I can’t help but wonder if a decline on the leading Russell below triple tops from May through June will not prove to be analogous in spirit, if not in amplitude, to the break by the leading Dow Jones below triple tops in the fall of 1929.
 
It is also interesting that the October 4, 1929 pivot low ties to the October 4 pre-crash pivot high in 1987. That high marked a tremendous rally in the Dow Jones, which convinced the vast majority of players at the time that another pullback low had been confirmed.
 
Long-time readers will note that the crash phase in ’29 occurred in the so-called Gann Panic Zone, 49-55 days from the September 3 peak. Ditto 1987.
 
Because of several cycles/square-outs at this year’s May 22 reversal, we were on alert for a similar pattern repeating, indicating the possibility of panicky selling into mid-July, vibrating off the mid-July primary high from July, 2007.
 
Instead, the S&P 500 stopped short shy of the 55-day Gann cycle, breaking out above a series of lower lows on July 5, followed by a run to a nominal new high on July 18 around the anniversary of the major mid-July ’07 pivot. There was scant momentum from July 18, 2013 to the August 2 high at 1709-to-1710 S&P.
 
We’ve flagged many historic cycles clustering with 1929, 1987, 2000 and 2007. There have been several intermittent tops on the advance up from the March ’09 low. The bull’s obituary has been prematurely conjectured since the 2009. Most recently, I was fortunate enough to have accurately identified the late May top. The next time frame for a top or test was due the first week of August.
 
The early August top may have just been ‘A’ top, like the May top and others throughout the advance from the ’09 low; however, it is worth considering W.D. Gann’s thinking that advances play out in 3-to-4 sections. We are in the third or fourth section up since March ’09 (depending on whether you are looking at the weeklies or monthlies), and this last section since November 2012 has gone asymptotic on the monthly chart.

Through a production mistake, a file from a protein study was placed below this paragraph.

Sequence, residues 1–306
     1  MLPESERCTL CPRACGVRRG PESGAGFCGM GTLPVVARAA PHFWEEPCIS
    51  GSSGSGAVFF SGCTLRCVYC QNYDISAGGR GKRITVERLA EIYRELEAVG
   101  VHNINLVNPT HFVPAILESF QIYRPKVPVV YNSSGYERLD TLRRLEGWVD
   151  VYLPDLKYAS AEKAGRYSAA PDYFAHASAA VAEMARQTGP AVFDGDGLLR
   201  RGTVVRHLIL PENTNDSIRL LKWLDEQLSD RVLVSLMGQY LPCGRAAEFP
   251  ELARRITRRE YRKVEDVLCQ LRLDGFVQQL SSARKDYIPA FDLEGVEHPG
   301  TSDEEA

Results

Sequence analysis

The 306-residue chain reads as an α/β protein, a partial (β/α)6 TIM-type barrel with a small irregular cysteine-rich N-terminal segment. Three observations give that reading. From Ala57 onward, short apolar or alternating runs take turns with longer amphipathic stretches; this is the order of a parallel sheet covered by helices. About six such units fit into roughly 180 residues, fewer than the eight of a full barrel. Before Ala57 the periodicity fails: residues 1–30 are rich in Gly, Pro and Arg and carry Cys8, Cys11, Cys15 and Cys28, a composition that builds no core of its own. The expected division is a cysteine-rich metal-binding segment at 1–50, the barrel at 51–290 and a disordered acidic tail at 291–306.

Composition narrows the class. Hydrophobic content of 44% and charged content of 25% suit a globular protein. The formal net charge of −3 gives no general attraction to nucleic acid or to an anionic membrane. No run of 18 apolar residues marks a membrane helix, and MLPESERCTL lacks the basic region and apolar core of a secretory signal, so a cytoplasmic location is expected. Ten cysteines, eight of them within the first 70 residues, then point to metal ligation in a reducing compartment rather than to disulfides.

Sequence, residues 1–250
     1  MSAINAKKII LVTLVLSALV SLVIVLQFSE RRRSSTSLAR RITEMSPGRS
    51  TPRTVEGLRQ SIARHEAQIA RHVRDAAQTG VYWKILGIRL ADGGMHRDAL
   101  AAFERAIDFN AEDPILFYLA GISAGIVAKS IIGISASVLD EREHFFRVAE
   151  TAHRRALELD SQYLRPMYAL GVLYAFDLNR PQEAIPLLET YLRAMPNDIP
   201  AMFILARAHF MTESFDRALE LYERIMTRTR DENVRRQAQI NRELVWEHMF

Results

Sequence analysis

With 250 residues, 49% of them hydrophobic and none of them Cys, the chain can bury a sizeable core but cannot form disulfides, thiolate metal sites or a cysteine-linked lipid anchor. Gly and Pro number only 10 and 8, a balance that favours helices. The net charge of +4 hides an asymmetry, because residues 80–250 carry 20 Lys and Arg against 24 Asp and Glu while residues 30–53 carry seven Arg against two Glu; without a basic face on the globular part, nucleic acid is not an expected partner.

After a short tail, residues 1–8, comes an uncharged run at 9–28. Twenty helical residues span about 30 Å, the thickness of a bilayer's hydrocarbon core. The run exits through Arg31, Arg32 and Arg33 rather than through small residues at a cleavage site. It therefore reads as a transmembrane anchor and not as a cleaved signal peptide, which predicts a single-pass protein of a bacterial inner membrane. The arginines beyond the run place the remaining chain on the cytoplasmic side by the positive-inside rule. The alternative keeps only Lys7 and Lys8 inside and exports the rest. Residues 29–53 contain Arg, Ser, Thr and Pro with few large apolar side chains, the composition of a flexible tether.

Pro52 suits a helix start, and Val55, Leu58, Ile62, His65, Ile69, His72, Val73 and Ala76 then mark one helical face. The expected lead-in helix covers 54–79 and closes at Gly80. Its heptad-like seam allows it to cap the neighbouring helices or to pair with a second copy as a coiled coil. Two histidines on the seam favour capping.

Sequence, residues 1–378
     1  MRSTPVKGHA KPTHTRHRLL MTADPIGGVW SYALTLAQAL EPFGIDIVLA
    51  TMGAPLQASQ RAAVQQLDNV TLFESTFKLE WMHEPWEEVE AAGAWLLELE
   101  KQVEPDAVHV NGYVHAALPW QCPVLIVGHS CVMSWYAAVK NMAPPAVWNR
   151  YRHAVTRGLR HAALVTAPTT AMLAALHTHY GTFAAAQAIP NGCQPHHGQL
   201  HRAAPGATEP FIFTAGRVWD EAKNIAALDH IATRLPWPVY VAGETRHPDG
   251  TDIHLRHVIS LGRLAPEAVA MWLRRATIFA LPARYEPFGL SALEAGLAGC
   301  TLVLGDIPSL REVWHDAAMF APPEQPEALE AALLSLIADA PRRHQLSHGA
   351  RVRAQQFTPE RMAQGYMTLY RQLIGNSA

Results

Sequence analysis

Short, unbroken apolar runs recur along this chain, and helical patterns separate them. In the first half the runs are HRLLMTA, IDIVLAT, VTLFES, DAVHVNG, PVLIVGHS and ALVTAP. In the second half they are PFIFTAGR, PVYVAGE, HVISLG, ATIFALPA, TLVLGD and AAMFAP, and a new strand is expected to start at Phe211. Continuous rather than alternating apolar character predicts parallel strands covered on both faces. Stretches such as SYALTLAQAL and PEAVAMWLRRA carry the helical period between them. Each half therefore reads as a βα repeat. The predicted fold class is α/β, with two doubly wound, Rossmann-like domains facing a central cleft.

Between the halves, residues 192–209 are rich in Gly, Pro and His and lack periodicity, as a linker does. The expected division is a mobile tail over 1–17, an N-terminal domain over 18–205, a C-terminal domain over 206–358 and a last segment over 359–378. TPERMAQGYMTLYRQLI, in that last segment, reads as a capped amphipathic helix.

Moreover, the S&P 500 is potentially in a third section up on a much bigger picture with the first section ending in 2000 and the second section ending in 2007. Since the first section was around 5 years long between 1995 and 2000 and the second section was around 5 years long between 2002 and 2007, with the market up 4.5 to 5 years (depending upon whether you count from the November ’08 primary/crash low or the March ’09 undercut low), risk is currently high.
 
Succinctly, the S&P 500 may be carving out a 13-year Megaphone or Broadening Top.
 
At this stage of the game, if I am correct about risk running high, the idea is not necessarily to identify the exact timing of the top, to find the next hot stock, to find the next hot money manager, or to squeeze the next 5% or even 10% out of the market (if it’s out there). The idea is to sidestep the risk.
 
In other words, we may be in the vicinity of THE top, not A top.
 
1987, 2000, 2007 were tops. They were not THE top. Of course, no one knew that at the time. They sure felt like THE top. And, many thought they were THE tops. 1929 was THE top, and the last time before that was the 1968 ‘mid-point’ top (1966 to 1973).
The interesting thing is that few market participants thought those tops were THE tops. 1929 was THE top because the recovery was so long. It took 25 years to make a new high. Investors today have become used to the idea of quick recoveries. So has the Fed, which obliges or which feels obliged to supply the ‘medicine’ to treat the symptoms (as opposed to the cause) on behalf of their constituencies -- the banks or investors.
 
It’s much more costly for players to not detect a pattern.
 
The bear doesn’t announce himself. He comes like a thief in the night.
 
“It’s much costlier for us -- as a race, to make the mistake of not seeing a leopard than having the illusion of pattern and imagining a leopard where there is none. And that error, in other words, mistaking the non-random for the random, which is what I call the ‘one-way bias.’ Now that bias works extremely well, because what’s the big deal of getting out of trouble? It’s not costing you anything. But in the modern world, it is not quite harmless. Illusions of certainty makes you think that things that haven’t exhibited risk, for example the stock market, are riskless. We have the turkey problem -- the butcher feeds the turkey for a certain number of days, and then the turkey imagines this is permanent.”
-Nassim Taleb
 
I think the risk is that the Fed has been playing butcher and that markets have become fat and happy, first at the trough of Greenspan Put and then with the Bernanke Put.
 
There have been two great crashes in one decade in the new millennium. The prevailing mentality is that the worst must be over, that things are getting better, albeit slowly. Few believed that lightning can strike twice, but it did. The Street is convinced that lightning will not strike a third time within 13 years. This is a dangerous psychological setup that has propagated performance-chasing. However, a look at history shows that markets often play out in threes.
 
Moreover, let’s take a look at this Fibonacci 13-year cycle. Going back 13 years gives the 2000 top. 13 years prior was the 1987 crash. 13 years before that was the plunge into the December ’74 bear market low. Another 13 years back ties to the 1962 panic and then 1949, the liftoff for a new secular bull market and the top in 1937.
 
13 is the seventh number in the Fibonacci series with seven often times being the number of panic and reversal.